sibylle chaudhuri | coaching & training


Systemic and NLP Coach


Newsletter - August 2010


Communication without judgement


Communication is one of the main keys to a strong relationship with others, be it in private or business life. As we acquire and improve our communication skills and knowledge we will immediately start to communicate more effectively. And while doing so we can create an environment of understanding and respect, an environment where everyone's contributions are valued.


Unfortunately we humans are habitual creatures and sometimes strange habits sneak into our subconscious mind without even realising it consciously. For example, we often play the judge without even noticing it. We do so because we don't think much about it and that's just how we are used to proclaiming our opinion - doesn't everybody tend to do it this way?


Maybe, but does it support our communication? While judging we evaluate someone or something as right or wrong, good or bad, beautiful or ugly, etc. This mostly happens subconsciously by using statements like:


• "The management is completely wrong."
• "She cooks horribly."
• "He complains about everything."
• "This dress is really ugly."


Using such statements we do not take responsibility for our opinion because we leave out the identity of the person making the judgement. This kind of language pattern is called "lost performatives" in the language of Neuro-Linguistic Programming because we literally lose the performer of the judgement. However, by using those statements everybody will know that the judging person is us - we take the position of the one who knows it all. Our communication partner can easily get caught up in disagreement and might even want to argue against our generalised judgement. We create a hostile environment where conflict is natural and ongoing.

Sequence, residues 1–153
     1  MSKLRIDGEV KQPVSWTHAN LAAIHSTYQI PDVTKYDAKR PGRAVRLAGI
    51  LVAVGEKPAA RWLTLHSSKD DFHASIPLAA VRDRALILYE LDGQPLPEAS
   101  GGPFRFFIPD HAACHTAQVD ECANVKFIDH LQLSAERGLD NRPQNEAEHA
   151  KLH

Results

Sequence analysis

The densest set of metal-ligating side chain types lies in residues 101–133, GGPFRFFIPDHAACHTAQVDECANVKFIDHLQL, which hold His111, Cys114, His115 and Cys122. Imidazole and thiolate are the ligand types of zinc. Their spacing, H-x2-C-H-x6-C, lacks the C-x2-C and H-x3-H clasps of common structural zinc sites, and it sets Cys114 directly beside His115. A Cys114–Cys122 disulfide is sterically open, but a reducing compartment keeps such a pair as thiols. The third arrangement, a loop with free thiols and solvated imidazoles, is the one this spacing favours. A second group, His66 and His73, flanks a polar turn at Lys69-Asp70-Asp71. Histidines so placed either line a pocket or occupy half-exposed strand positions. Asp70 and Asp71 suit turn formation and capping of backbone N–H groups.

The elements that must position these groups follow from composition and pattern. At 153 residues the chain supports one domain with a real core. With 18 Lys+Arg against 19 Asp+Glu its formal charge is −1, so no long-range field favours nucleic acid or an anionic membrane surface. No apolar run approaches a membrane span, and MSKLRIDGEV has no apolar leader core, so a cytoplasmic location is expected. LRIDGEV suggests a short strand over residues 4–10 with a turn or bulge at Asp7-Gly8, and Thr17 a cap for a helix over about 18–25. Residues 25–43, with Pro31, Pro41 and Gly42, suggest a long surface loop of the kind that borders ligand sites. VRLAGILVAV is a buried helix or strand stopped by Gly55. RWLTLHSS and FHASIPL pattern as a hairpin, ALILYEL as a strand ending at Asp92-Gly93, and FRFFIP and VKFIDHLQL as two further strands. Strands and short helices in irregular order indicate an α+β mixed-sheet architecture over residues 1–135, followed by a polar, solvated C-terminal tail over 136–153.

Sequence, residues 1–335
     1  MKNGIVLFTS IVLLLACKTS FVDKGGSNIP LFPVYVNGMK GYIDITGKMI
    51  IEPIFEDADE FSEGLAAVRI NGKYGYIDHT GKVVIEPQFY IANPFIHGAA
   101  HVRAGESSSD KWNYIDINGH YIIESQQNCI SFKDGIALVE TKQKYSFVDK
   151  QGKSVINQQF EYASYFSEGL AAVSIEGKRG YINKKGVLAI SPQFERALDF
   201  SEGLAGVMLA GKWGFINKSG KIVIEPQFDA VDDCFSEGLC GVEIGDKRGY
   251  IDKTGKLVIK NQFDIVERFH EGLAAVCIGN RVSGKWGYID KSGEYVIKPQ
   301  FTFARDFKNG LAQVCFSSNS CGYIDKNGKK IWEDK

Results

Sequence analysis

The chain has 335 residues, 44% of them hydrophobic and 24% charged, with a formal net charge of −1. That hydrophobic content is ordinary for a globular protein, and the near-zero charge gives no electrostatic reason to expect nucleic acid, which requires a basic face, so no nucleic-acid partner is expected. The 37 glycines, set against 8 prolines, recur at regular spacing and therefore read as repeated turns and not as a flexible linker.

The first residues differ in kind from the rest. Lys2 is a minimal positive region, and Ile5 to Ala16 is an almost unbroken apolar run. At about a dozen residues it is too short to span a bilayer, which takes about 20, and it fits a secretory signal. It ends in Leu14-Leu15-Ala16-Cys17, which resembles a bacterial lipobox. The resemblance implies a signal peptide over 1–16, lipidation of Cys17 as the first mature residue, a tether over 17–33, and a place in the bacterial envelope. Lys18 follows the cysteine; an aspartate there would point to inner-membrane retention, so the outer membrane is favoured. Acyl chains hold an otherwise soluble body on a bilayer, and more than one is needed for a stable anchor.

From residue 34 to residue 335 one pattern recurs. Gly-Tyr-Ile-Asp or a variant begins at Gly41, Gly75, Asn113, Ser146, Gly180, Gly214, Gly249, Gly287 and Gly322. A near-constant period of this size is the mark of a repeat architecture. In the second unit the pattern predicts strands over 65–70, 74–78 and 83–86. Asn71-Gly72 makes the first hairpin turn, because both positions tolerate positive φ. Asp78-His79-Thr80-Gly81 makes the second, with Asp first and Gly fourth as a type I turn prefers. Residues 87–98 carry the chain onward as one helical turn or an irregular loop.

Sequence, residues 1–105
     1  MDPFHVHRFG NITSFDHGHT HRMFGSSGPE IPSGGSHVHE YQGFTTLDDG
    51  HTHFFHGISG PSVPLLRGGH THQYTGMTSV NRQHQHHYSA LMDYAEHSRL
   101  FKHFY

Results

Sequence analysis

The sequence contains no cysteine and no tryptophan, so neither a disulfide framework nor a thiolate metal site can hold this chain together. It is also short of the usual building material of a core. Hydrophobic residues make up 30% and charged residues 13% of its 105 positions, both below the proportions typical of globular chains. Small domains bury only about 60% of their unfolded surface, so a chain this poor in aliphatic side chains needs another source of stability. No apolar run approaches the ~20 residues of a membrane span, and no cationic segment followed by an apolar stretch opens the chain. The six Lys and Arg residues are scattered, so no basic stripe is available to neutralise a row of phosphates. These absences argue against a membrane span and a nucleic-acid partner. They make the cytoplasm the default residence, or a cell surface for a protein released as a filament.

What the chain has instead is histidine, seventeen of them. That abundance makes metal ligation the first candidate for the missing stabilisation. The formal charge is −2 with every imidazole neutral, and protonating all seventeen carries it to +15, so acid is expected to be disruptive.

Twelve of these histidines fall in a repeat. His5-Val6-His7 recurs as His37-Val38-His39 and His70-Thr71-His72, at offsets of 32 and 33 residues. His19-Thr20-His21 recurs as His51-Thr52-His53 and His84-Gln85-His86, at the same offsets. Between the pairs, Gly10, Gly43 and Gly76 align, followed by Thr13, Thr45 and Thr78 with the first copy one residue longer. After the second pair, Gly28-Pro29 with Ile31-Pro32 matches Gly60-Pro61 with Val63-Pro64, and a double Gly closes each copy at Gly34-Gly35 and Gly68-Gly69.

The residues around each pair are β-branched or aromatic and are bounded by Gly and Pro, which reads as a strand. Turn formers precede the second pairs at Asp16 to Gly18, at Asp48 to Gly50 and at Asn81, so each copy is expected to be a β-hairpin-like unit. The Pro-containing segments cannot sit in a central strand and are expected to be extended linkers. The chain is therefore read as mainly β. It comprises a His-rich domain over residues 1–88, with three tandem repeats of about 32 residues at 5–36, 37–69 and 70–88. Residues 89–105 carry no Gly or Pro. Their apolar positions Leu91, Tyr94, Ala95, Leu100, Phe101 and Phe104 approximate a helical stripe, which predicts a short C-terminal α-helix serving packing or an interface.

This is one of many good reasons to evaluate our communication skills and update them from time to time.


When we take ownership of our personal opinions and preferences, we create an environment for open and fluent communication. We make it easier for our communication partner to listen, to appreciate and accept our opinion, although they might not agree. In addition they can bring in their own point of view as well. We enhance and simplify our communication by exchanging opinions and thoughts which can lead to an interesting, inspiring and creative conversation.


Now, how can we tell our opinion without judging someone or something? It is quite simple, we just rephrase the before mentioned statements as follows:

• "I don't agree with what the management is saying/doing."
• "I don't like her way of cooking."
• "I think he complains too much."
• "This dress is not to my taste."

When we let go of a judgment and just think of our own preference or opinion, we can experience greater freedom. We do not offend others having a different opinion and we can stay open minded listening to their opinion which might even enhance ours. We can increase our sense of calmness and relaxation which again will bring more balance in our life.

Think about something or someone you are judging to be good or bad, right or wrong beautiful or ugly. Take your statement/judgment and reframe it in a way that you are able just tell your opinion or preference about them or it - without any judgment whatsoever.